Jack is about to start School Six and with his Sherlock Code at the ready, he is determined to fit in but not stand out.  Surrounded by unpacking and mess at home with his Mum, Jack sets his sights on making sure he doesn’t get too close to anyone just in case they have to move again.  However, Jack hasn’t banked on the appearance of full-of-life Tyler bounding into the classroom, who he realises could be his ideal friend.  Told with sensitivity and humour, the story explores how Jack deals with making new friends, confronting the pain of his parents divorce and finally being true to himself.  He is an instantly lovable chap and you can’t help but be moved by his observations and the situation he finds himself in.  Many young readers will identify with the difficulties of friendship and family described and the cast of characters who bring the story to life. A perfect balance of humour and heart, Just Jack is a truly enjoyable and moving read, with great illustrations by Alex Gunn.

With thanks to Kate Scott for sending me this book to review. Just Jack is published by Piccadilly Press.

 

New review: Peace and Me by Ali Winter and Mickael El Fathi

On the blog today, I’m delighted to share my review of a beautiful new book Peace and Me which celebrates the work of  Nobel Peace Prize winners and will be published later this month. The book from Lantana Publishing is written by Ali Winter, an experienced anthologist who is passionate about seeking out lessertold stories from around the world and illustrated by Mickaël El Fathi, an acclaimed French-Moroccan children’s book illustrator who helps children travel the world through his illustrations.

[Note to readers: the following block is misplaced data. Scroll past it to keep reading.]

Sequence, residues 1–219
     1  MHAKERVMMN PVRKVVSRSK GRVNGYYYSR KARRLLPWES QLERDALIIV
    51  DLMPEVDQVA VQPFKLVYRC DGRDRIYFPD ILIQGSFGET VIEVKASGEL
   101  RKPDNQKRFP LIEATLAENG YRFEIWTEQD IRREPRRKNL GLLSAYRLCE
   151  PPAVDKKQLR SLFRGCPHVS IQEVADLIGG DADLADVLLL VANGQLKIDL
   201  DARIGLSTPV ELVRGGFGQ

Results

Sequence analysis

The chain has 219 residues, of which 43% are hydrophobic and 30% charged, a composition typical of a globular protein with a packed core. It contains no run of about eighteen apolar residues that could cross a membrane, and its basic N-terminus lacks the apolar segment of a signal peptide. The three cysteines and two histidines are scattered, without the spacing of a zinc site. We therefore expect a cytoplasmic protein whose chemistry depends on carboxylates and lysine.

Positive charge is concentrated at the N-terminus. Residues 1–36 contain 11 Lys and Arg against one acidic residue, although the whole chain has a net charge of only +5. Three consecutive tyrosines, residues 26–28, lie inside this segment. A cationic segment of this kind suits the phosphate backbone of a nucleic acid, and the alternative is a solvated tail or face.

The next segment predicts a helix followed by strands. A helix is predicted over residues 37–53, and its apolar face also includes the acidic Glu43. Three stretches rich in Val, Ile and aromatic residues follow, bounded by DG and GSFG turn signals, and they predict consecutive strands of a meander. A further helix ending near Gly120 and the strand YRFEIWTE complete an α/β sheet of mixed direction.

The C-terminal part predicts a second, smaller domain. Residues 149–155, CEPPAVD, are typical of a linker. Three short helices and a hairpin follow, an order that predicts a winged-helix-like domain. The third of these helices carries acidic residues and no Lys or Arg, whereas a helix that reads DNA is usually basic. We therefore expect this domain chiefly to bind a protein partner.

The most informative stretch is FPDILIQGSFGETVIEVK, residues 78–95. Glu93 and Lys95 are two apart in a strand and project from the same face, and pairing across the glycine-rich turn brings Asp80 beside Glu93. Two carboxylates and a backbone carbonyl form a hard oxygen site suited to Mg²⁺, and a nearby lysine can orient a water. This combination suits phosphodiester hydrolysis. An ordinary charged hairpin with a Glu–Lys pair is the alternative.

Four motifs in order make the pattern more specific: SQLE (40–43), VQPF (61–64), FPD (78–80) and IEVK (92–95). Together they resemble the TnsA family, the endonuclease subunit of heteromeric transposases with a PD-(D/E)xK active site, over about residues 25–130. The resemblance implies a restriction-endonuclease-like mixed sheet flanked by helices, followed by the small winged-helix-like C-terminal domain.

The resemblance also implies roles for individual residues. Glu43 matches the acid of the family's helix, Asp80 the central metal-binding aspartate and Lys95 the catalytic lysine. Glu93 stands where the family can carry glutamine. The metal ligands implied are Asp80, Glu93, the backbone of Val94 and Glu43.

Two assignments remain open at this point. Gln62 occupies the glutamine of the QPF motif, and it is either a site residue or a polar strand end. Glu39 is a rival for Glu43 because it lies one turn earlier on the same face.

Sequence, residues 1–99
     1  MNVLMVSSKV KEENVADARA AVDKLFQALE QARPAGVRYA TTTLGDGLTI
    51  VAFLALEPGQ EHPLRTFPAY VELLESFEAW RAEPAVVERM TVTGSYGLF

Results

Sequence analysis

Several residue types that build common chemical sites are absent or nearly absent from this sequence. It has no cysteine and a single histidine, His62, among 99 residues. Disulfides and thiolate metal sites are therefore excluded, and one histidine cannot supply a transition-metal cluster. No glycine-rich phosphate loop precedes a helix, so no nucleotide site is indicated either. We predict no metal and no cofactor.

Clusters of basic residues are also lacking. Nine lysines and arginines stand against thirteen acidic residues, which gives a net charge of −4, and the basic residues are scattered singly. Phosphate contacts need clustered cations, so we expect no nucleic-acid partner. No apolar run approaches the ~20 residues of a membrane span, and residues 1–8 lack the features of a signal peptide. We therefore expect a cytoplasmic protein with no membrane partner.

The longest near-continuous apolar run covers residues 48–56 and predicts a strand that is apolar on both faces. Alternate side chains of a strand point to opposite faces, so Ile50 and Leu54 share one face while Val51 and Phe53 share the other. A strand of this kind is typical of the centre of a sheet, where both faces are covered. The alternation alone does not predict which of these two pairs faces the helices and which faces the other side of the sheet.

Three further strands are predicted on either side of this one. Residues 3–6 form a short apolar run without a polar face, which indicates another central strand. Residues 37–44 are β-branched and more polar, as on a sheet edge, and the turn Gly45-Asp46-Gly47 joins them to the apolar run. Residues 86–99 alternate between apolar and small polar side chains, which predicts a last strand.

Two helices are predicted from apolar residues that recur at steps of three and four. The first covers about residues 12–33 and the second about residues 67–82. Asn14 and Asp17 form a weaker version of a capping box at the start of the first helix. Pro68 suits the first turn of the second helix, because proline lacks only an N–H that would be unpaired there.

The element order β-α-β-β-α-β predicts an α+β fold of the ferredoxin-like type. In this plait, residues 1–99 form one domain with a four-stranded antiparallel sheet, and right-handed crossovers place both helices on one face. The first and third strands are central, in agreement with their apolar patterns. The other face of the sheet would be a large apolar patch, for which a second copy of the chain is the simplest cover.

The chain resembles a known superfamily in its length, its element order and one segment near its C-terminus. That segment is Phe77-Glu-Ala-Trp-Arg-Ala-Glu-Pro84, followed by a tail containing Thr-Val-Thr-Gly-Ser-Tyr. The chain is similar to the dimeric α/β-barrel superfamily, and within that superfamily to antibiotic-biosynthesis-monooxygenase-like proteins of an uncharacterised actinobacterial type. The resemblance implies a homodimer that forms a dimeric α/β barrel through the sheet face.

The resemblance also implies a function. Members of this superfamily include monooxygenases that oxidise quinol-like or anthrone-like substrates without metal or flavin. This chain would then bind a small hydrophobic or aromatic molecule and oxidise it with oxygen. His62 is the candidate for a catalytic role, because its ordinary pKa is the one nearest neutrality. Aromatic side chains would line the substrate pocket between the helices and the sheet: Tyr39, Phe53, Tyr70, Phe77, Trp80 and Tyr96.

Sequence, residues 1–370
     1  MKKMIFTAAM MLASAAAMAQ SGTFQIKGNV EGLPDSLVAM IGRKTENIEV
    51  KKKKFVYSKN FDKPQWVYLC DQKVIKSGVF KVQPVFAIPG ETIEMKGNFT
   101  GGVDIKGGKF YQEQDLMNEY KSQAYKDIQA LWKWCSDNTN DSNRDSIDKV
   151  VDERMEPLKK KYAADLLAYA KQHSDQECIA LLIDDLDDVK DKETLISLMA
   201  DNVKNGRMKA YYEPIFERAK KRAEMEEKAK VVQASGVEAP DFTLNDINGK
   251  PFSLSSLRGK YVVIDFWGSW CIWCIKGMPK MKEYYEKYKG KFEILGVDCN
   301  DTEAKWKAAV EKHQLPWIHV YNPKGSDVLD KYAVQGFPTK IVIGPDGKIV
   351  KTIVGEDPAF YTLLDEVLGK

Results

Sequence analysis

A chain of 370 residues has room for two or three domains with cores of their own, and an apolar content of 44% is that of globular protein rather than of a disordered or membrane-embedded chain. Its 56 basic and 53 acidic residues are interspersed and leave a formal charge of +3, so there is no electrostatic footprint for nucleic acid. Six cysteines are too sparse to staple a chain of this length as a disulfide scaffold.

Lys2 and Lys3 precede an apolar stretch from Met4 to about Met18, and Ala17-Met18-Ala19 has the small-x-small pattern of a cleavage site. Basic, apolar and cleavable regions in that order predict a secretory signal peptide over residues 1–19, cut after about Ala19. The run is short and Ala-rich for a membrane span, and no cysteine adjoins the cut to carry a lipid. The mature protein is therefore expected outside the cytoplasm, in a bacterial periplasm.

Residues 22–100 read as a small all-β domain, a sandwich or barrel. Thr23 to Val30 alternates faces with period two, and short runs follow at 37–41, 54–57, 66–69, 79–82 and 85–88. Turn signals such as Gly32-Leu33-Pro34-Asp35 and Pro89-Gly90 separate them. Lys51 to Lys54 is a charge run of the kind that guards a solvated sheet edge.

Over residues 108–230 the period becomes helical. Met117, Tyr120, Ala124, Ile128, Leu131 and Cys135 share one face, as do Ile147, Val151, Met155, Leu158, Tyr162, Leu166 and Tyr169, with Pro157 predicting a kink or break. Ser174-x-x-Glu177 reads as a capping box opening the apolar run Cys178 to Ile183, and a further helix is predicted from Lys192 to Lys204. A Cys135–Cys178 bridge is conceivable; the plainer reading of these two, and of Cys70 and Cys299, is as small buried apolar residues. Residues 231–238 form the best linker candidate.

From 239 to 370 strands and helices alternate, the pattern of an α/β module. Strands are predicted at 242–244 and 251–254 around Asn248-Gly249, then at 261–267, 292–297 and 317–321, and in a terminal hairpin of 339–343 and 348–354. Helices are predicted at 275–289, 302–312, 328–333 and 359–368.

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This illustrated collection of inspirational ideas about peace is based on the lives of Nobel Peace Prize Laureates of the 20th and 21st centuries, among them Nelson Mandela, Martin Luther King Jr., Mother Teresa and Malala Yousafzai. A must for anyone interested in exploring this essential issue of our times, this child-friendly exploration of what peace means to you and me is a book for every bookshelf. Amnesty International endorses this book because it shows how standing up for other people makes the world a better, more peaceful place.

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From the first page this book is fascinating, beautiful and moving in equal measure.  It begins with a spread focused on Alfred Nobel and how the Nobel Prize came to be.  What follows are double-page spreads on some of the winners of the Peace Prize, charting their contribution to world peace and reflecting on what they did to be of “greatest benefit to mankind”.

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Some of the names are very familiar, some are not, but what they all have in common is their selfless and determined efforts to help their fellow man.  As a children’s book, there is just the right amount of information on each person and enough detail to bring them to life.  The narrative is accompanied by visually stunning artwork – I would be fascinated to hear how these beautiful illustrations were created.

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The book is endorsed by Amnesty International because “it shows how standing up for other people makes the world a better, more peaceful place.” Each story reminds us that one person can make a difference. What a wonderful lesson to pass on to children and what a wonderful reminder to everyone that passion and perseverance and indeed, peace, can exist even in today’s turbulent times.  Peace and Me is a book to treasure, to share with young and old and to encourage us to consider what peace means to each of us.

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Peace and Me publishes on 21st September.

With thanks to Lantana Publishing for sending me this book to review!